Set small realistic goals for yourself, prepare for adjustment to your goals and even a little disappointment here and there. It's completely normal to experience a few set backs about our own expectations, but just stick to your goals and re-evaluate them on a regular basis making changes where necessary. Also, understand that you have to spend some time doing it, it won't happen over night. Just remember to give yourself and your goal time to catch up to your expectations.
What has changed over the years in your point of view?
I think television and the Internet has really revolutionized the food industry in general. The topic of food is readily accessible to a much broader audience than it was back in the 80s and 90s. The amount of content on the web available that focuses on food casts a long shadow on publications in the days of old. More people are talking about food and more people are interested in food. If all these people were interested in the 80s and 90s, we didn't really know because we had been disconnected from our fellow food loving populace. With the internet and modern technology in photography, we have an actual community that shares, teaches, gives and enjoys food together.
From a styling and photography point of view - REAL food. Fake food and overly styled food are slowly dying off and making way for images and styling that showcase the beauty of food in its natural state. And this is a good thing, because the viewing audience is wise to tricks of old and just about anyone can tell the difference between a real ice cream cone and one made with mashed potatoes or non-melting sugar lard.
How has your style changed or developed?
I have certainly embraced natural light over the years. It suits my style best. I would say that although I have always styled my food "green" and do not use inedible additives to my photos, I would definitely say that styling using this method really has made an impact on my photography. All-natural food styling forces me to think on my feet, because food has a very small window where it looks fresh. With every new ingredient, I learn about it's window of freshness and how best to capture it.
I started out styling food this way because I didn't have a money tree growing in the back yard and could not afford to waste food by making it inedible. It all goes back to shooting what you are passionate about. If I were shooting a stack of pancakes covered in motor oil, I would be hard pressed to be motivated to make it look appetizing and delicious. I would KNOW what it REALLY is and I can not... no scratch that - I will not make my camera lie about food.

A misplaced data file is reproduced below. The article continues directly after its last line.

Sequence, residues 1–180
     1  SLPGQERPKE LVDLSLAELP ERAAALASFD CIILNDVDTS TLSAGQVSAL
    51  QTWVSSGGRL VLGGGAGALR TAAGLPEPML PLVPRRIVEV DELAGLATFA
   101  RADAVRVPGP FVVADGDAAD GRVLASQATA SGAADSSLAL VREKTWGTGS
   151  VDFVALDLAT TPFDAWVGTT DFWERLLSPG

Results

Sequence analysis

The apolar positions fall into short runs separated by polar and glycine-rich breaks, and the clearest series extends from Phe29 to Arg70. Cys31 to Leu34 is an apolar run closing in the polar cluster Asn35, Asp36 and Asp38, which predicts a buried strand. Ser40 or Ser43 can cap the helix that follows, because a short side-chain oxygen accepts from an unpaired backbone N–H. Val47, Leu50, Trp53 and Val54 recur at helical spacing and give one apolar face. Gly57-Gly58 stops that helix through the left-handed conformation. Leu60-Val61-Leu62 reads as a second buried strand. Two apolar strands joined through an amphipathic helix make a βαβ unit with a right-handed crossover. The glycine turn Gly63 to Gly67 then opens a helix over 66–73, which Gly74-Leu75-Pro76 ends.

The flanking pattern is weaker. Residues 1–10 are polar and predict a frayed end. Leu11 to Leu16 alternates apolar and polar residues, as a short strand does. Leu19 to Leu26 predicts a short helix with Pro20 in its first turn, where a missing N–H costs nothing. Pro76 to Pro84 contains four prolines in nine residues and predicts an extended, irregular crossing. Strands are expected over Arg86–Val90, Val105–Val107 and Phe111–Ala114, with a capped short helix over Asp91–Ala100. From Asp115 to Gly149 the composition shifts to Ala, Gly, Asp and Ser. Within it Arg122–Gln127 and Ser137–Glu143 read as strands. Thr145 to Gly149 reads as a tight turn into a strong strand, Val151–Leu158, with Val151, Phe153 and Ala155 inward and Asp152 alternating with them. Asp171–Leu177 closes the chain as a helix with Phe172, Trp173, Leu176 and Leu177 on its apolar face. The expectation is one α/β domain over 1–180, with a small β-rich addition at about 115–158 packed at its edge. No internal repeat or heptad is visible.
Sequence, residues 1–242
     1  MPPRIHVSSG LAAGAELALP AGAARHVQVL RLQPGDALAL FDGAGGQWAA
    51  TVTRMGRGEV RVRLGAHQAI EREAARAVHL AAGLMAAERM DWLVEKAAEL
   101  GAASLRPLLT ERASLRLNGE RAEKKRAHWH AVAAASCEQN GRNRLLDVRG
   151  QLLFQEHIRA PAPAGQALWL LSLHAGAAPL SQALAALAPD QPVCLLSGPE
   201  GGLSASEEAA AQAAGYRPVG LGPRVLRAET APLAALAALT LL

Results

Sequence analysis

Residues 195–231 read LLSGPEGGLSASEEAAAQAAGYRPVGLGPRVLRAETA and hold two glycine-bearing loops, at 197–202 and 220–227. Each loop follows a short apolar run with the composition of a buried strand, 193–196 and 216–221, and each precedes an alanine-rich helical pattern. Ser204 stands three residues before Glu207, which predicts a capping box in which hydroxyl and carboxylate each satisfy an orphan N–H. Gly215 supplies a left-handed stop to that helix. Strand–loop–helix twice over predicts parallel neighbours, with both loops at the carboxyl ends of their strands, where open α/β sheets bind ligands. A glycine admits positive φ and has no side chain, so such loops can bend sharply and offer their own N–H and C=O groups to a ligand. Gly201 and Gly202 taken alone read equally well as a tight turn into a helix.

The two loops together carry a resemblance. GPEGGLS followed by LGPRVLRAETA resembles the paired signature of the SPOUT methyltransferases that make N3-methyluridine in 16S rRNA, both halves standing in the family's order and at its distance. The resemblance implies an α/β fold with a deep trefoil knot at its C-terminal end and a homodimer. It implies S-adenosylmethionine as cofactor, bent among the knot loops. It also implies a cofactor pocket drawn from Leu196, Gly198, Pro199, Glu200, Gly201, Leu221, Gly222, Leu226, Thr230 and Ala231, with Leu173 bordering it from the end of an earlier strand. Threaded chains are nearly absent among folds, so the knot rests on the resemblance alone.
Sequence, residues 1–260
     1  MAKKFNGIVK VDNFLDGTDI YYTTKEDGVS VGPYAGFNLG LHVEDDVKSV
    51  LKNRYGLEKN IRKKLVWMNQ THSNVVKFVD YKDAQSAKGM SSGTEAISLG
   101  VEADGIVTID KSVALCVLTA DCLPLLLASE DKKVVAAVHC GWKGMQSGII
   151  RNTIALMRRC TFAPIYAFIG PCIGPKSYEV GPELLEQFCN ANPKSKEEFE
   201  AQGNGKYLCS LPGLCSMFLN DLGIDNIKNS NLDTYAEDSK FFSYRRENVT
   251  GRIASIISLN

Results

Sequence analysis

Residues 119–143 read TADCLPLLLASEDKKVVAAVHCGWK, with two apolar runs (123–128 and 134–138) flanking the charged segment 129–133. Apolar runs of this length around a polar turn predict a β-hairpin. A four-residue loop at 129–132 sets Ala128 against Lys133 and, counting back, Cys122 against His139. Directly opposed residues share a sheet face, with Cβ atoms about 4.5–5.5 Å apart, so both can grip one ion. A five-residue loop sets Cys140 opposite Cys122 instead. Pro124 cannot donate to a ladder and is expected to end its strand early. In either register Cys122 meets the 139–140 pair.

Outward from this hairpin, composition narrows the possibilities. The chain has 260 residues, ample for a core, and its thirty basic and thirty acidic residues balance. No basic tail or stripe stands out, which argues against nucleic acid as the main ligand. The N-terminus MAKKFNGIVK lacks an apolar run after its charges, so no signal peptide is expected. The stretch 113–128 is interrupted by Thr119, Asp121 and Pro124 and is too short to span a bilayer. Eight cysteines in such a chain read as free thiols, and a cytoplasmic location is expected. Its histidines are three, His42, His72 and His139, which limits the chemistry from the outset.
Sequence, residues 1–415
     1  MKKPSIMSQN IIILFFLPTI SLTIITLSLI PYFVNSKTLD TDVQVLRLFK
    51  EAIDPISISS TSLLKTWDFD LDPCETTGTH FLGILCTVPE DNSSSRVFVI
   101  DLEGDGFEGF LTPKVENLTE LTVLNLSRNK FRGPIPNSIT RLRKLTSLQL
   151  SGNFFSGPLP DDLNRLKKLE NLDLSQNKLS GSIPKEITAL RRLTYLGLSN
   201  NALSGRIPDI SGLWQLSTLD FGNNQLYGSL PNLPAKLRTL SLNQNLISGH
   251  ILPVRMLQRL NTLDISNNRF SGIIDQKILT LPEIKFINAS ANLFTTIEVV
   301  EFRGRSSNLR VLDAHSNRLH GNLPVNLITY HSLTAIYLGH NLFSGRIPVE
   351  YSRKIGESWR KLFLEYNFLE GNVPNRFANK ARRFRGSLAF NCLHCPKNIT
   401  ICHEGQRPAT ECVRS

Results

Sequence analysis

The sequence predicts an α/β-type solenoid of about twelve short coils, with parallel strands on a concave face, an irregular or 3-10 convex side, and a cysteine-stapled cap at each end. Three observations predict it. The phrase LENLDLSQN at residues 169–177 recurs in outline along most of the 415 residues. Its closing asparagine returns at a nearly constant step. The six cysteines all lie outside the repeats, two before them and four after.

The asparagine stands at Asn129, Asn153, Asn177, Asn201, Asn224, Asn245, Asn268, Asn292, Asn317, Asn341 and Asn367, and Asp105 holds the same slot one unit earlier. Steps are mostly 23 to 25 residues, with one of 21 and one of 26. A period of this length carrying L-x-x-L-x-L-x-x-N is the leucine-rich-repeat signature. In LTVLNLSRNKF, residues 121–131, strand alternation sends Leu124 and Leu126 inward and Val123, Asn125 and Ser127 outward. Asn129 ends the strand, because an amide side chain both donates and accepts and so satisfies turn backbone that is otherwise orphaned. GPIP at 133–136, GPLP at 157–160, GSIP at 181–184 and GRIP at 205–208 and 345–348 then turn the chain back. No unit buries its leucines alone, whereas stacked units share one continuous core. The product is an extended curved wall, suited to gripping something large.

I am constantly learning new things every single day. It's one of the things that I love about what I do, there is always something new to learn and I am constantly changing and developing as I go.
One or two things you learned along the way:
Shoot what you have a passion for. If I were passionate about cars I would shoot cars. My passion is food, I truly believe that if you lack passion for the subject you shoot it will show in your image. You cannot fake an interest in something. It has to be there and it has to be from the soul.
Learning to kill your darlings. Not every shot you take is going to be a winner. You need to step out of your own head and take an objective look at your own work and know when to cut your losses and move on. It happens to everyone. Don't waste time trying to fix a bad shot in post-processing. Cut your losses, kill your darlings, learn from your mistake and create something better.
Props are important. Linens, rustic pieces of silverware, glassware, plates and dishes. But you must remember to keep props relative to what you are shooting. A pair of boxing gloves, a hair brush and a kid's toy have no place being used as props in a photo of say, a plated Steak dinner photo. Pay attention to your props, you don't garnish a stuffed Thanksgiving Turkey with Strawberries and Watermelon wedges, for instance.
Biggest lesson learned: Attention to detail. Every little drip, splash, smudge, dust and hair will be seen by the camera. Keeping paper towels, cotton swabs and a bottle of glass cleaner on hand is a must.
Photography and Styling: Kelly Cline